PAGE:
“It is remarkable how many smart, highly motivated, and apparently responsible people rarely pause to contemplate their own behavior…coaching can empower them to assume responsibility for their impact on the world.” (Stratford Sherman & Alyssa Freas, The wild west of executive coaching: Harvard Business Review, November 2004)
Coaching can help you to assume responsibility for your outcomes by empowering you to make better decisions, take more meaningful action, and get the results that you want. Here are just a few benefits that you might expect from a coaching engagement.
Space and Time
The coaching session is a mental space and physical time set aside just for you. You can check all of your obligations at the door as you enter this space to focus on you. What is working in your life? What is not working? What is missing? What do you want? It’s like hitting the pause button and taking a breath. A coaching engagement is the structure that keeps you on track and focused throughout the change process.
A coach is one person with whom you can be brutally honest while feeling perfectly safe in the knowledge that your words will not come back to you through the grapevine. Coaching standards require strict confidentiality between client and coach. What is said in a session stays in that session between you and your coach. All thoughts and feelings are validated and considered useful in helping you to gain greater insight.
Objectivity and Resources
In any situation, there are many perceptual positions you can take – your own point of view, the other party’s perspective, or even as a detached third-party observer. Your coach brings a level of objectivity to you and, in the best coaching engagements, she helps you to master the skill so that the benefits carry on long after the engagement has ended. She helps you to identify and locate resources that will move you forward. Coaching provides customized, personalized, just-in-time learning.
Your coach should provide a reality check for you. She should challenge you to think about areas where you may be making assumptions. She will question you to see people and events in a clearer light and help you to abandon jumping to conclusions or bringing unconscious preconceptions into encounters with other people. Even more importantly, she will not let you harbor false assumptions about yourself. Your truth may not be another’s truth. Coaching helps to filter facts from fiction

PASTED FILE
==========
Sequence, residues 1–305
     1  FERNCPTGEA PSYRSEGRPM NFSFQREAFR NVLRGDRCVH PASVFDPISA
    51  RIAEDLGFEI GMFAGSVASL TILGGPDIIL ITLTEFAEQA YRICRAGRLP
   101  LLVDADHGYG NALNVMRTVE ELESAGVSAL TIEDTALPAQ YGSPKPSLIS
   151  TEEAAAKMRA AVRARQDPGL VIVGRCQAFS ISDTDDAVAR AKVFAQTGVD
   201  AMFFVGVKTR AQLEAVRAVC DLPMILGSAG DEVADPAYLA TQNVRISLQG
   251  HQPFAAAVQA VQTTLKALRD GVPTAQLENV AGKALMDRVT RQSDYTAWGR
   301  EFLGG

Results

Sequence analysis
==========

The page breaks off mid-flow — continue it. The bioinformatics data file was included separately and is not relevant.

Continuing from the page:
So what does all of this mean for you? For many people, work is a four-letter word. They see the rewards of their job only in terms of financial security, social approval, or some other external motivator. In a 2004 survey of 35-54 year-old workers (an age group that comprises 50% of the workforce), 57% were not passionate about their jobs, 67% did not feel energized by their work, and more than 40% were experiencing burnout. (Robert Morison, Tamara Erickson, and Ken Dychtwald, Managing middlescence: Harvard Business Review, March 2006)
How would you rate yourself in these areas? What if that could change? What if you could get energized and passionate about your work? Would it make a difference in your life? Remember the saying: if the only tool you have is a hammer, every problem looks like a nail. The resources we bring to any situation determine the outcome. Coaching helps you to uncover skills within yourself that are dormant and, when necessary, helps you to identify resources that are lacking and ways to acquire them. Coaching equips you with the right tools to expand your perspective in order to reframe your world. It deals with the affective (feelings), cognitive (thoughts), and behavioral (actions) aspects of who you are, giving you new insight into yourself and how others see you. This global perspective allows you to gain greater control and become a responder, rather than a reactor, to the events of your daily life.
But coaching is not for everyone. A Zen parable provides a great example of a scholar who is uncoachable.
A scholar visited the monk Nanyin to ask him about Zen. Nanyin offered some tea to his guest, but he continued pouring even after the cup was full. After a short while, the scholar could not stand it any longer and said “the cup is already full! Stop pouring!” Nanyin replied “You are just like this cup, full of your views and opinions. If you do not empty your cup first, how can I tell you about Zen?”
You are ready for a coach when you are open and committed to change. The power is yours. The achievement is yours. The coach can only shine the light so that you can see your way more clearly – you must be willing to make the journey.